A second campaign to derail BCE Inc.’s takeover of Astral Media Inc. has been launched, as a handful of advocacy groups joined together to warn the deal will lead to fewer media voices and higher cable bills.
The campaign – called Stopthetakeover.ca – is asking Canadians to send a letter to the country’s Industry Minster and Competition Bureau voicing their opposition to the $3.2-billion deal which will go before regulators for approval early next month.
It’s the second organized campaign against the deal, which would see BCE’s media division Bell Media substantially increase the amount of content it owns and distributes.
The group argues Bell will use its size to dominate smaller rivals, charging them high rates for programming that will eventually be passed to consumers.
“This would create an unprecedented level of media concentration in this country, and lower Canada’s status from having one of the least competitive media systems in the industrialized world, to having the least competitive one,” the group said.
“This could spell trouble for independent businesses seeking to compete, but more importantly, it could be the beginning of the end of real choice for Canadians.”
The group is comprised of OpenMedia.ca, the Public Interest Advocacy Centre, Canadian Internet Policy and Public Interest Clinic, Canada Without Poverty, the CWP Advocacy Network, the Canadian Media Guild, the Consumers’ Assocation of Canada, the Council of Canadians, the Council of Senior Citizens’ Organizations and the Quebec-based Council of Senior Citizens' Organizations of British Columbia (COSCO), Option consommateurs and Union des consommateurs.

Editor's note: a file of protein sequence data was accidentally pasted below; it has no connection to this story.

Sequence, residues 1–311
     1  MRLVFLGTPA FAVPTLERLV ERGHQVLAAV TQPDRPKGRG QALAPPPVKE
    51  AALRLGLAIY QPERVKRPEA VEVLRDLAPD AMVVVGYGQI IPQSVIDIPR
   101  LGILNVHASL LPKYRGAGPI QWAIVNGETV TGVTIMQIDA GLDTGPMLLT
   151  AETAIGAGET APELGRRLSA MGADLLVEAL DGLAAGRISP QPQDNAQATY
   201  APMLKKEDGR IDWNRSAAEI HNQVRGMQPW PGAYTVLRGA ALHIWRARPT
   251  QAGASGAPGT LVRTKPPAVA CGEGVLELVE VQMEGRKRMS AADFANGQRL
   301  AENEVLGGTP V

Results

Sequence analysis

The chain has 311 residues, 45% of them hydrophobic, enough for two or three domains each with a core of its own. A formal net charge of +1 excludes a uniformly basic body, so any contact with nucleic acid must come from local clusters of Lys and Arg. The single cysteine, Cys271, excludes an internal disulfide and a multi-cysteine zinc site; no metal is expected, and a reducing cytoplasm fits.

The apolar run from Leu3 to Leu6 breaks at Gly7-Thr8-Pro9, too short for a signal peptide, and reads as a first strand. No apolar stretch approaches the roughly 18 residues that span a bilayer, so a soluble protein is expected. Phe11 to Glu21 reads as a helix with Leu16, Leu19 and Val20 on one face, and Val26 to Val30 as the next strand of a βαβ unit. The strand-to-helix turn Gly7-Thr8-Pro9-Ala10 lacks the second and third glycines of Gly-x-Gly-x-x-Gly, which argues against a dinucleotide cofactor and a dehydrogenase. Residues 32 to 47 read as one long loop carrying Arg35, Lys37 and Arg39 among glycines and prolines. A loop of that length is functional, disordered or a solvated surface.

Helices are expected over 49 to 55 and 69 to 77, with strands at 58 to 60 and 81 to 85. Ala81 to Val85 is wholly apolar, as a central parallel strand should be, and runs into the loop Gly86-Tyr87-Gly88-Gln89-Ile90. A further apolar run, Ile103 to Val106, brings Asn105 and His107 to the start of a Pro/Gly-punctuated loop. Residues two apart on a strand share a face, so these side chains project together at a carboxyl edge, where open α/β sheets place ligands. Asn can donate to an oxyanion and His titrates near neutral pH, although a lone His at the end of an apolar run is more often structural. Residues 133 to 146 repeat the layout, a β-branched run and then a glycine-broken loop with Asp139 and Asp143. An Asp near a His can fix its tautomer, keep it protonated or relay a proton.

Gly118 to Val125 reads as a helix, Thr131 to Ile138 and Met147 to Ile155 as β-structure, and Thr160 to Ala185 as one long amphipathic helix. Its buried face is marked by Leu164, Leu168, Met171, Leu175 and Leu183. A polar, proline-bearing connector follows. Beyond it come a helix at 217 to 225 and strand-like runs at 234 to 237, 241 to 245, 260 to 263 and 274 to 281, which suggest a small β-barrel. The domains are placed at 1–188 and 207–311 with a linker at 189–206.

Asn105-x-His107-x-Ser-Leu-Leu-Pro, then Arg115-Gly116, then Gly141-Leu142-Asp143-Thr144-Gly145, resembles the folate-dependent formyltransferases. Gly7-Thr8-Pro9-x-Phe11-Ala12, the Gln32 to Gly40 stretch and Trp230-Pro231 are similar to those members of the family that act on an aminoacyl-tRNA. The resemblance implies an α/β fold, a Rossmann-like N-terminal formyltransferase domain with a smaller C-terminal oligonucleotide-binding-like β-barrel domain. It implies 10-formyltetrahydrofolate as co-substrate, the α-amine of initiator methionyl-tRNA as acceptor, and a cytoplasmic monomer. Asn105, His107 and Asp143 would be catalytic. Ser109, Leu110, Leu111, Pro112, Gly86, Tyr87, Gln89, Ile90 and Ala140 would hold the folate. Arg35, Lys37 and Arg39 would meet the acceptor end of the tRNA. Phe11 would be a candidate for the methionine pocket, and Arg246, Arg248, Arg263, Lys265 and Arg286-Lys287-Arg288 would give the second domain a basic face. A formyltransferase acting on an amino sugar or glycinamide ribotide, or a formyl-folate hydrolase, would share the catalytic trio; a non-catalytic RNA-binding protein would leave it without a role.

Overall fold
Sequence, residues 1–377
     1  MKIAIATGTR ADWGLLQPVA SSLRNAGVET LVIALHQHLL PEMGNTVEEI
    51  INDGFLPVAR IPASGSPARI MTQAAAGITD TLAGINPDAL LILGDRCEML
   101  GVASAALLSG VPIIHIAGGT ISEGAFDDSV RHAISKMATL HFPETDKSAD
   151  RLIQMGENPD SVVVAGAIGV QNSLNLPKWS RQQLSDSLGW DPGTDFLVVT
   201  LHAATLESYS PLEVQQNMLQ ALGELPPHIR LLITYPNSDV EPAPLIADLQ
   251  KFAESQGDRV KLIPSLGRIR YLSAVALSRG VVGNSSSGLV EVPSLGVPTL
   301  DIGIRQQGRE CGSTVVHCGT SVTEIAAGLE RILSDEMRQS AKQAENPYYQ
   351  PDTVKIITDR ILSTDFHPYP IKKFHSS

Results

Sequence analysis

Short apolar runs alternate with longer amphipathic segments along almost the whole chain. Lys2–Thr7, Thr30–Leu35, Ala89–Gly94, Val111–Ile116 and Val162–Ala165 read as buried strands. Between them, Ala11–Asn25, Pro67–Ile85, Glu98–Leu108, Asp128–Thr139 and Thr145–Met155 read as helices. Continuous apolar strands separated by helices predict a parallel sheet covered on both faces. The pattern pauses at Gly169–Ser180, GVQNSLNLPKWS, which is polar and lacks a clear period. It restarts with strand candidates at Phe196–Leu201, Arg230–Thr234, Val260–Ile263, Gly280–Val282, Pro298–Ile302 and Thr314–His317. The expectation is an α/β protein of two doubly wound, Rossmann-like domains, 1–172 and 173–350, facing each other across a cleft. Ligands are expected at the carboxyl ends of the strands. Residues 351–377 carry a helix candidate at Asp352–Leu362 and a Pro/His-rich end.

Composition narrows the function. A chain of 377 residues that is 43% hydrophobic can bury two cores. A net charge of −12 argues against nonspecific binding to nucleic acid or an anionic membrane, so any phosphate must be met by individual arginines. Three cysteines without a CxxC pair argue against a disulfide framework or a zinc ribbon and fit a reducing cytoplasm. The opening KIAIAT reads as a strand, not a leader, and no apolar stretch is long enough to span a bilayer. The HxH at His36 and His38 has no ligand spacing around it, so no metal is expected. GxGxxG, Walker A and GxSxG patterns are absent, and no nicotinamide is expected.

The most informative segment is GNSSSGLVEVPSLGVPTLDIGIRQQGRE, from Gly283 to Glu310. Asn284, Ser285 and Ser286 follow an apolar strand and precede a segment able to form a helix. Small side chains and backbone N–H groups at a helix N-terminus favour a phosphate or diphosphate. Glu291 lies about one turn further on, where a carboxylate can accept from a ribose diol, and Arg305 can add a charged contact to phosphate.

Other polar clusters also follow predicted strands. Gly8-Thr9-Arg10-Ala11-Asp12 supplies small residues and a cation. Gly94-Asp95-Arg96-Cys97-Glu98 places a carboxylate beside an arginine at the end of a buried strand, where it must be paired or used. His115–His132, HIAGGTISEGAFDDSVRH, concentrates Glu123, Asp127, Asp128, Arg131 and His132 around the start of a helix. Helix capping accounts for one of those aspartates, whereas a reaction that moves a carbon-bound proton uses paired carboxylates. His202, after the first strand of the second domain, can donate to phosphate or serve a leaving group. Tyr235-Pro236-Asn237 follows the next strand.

The other campaign is called Saynotobell.ca, and is funded by some of Bell’s largest competitors, who warn the deal will lead to higher bills as Bell charges them more for programming.
The new group said it decided to start its own campaign because it didn’t feel comfortable lining up with corporate titans such as Quebecor Inc. and Cogeco inc., which oppose the deal because of their business interests.
The deal goes before the Canadian Television-radio Telecommunications Commission on Sept. 10, and advocates for both sides of the deal are expected to give a week of presentations.
The CRTC can kill the deal outright, or allow it to proceed with amendments. The Competition Bureau is also looking at the takeover, and could also scuttle the deal or impose terms.